Category label and response location shifts in category learning
- Author(s): Maddox, W. Todd
- Glass, Brian D.
- O’Brien, Jeffrey B.
- Filoteo, J. Vincent
- Ashby, F. Gregory
- et al.
Published Web Locationhttps://doi.org/10.1007/s00426-009-0245-z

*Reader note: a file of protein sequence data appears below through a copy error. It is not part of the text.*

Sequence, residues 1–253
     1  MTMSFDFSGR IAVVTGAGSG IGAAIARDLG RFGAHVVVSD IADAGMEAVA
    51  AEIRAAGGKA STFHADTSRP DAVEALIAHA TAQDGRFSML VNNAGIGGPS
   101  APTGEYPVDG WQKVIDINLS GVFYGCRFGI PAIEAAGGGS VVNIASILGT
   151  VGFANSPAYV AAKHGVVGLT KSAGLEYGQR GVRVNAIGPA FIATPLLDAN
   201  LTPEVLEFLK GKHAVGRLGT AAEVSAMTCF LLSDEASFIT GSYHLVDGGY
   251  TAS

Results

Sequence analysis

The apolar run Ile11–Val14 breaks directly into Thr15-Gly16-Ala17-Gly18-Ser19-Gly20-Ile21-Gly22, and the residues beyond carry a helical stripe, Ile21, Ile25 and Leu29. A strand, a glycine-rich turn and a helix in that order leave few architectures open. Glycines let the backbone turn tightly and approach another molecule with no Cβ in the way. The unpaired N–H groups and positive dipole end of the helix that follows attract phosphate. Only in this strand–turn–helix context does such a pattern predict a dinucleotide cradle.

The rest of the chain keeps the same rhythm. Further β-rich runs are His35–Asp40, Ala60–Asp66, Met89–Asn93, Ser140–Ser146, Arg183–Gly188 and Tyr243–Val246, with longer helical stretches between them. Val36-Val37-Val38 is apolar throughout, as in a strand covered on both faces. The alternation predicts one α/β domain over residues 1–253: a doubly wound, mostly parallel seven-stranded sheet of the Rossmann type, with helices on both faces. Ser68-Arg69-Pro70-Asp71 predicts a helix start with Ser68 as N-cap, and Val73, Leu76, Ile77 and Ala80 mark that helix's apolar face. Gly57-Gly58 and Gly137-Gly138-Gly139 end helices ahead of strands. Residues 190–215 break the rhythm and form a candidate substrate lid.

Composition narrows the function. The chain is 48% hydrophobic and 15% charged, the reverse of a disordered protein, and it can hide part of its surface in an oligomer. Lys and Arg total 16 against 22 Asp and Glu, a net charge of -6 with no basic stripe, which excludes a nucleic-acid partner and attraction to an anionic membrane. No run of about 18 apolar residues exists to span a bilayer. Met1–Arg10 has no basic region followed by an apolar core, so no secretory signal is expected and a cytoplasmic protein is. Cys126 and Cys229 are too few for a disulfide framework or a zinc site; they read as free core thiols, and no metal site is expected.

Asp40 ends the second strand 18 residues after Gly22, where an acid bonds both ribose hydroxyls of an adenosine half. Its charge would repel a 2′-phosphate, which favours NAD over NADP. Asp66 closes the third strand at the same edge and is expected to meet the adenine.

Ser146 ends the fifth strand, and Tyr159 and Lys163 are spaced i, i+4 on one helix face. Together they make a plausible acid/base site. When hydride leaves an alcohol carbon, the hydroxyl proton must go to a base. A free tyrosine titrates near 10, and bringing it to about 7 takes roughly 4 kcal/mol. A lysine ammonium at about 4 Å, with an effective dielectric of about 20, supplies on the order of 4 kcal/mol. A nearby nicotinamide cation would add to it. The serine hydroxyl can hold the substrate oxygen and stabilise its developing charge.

The category shift literature suggests that rule-based classification, an important form of explicit learning, is mediated by two separate learned associations: a stimulus-to-label association that associates stimuli and category labels, and a label-to-response association that associates category labels and responses. Three experiments investigate whether information–integration classification, an important form of implicit learning, is also mediated by two separate learned associations. Participants were trained on a rule-based or an information–integration categorization task and then the association between stimulus and category label, or between category label and response location was altered. For rule-based categories, and in line with previous research, breaking the association between stimulus and category label caused more interference than breaking the association between category label and response location. However, no differences in recovery rate emerged. For information–integration categories, breaking the association between stimulus and category label caused more interference and led to greater recovery than breaking the association between category label and response location. These results provide evidence that information–integration category learning is mediated by separate stimulus-to-label and label-to-response associations. Implications for the neurobiological basis of these two learned associations are discussed.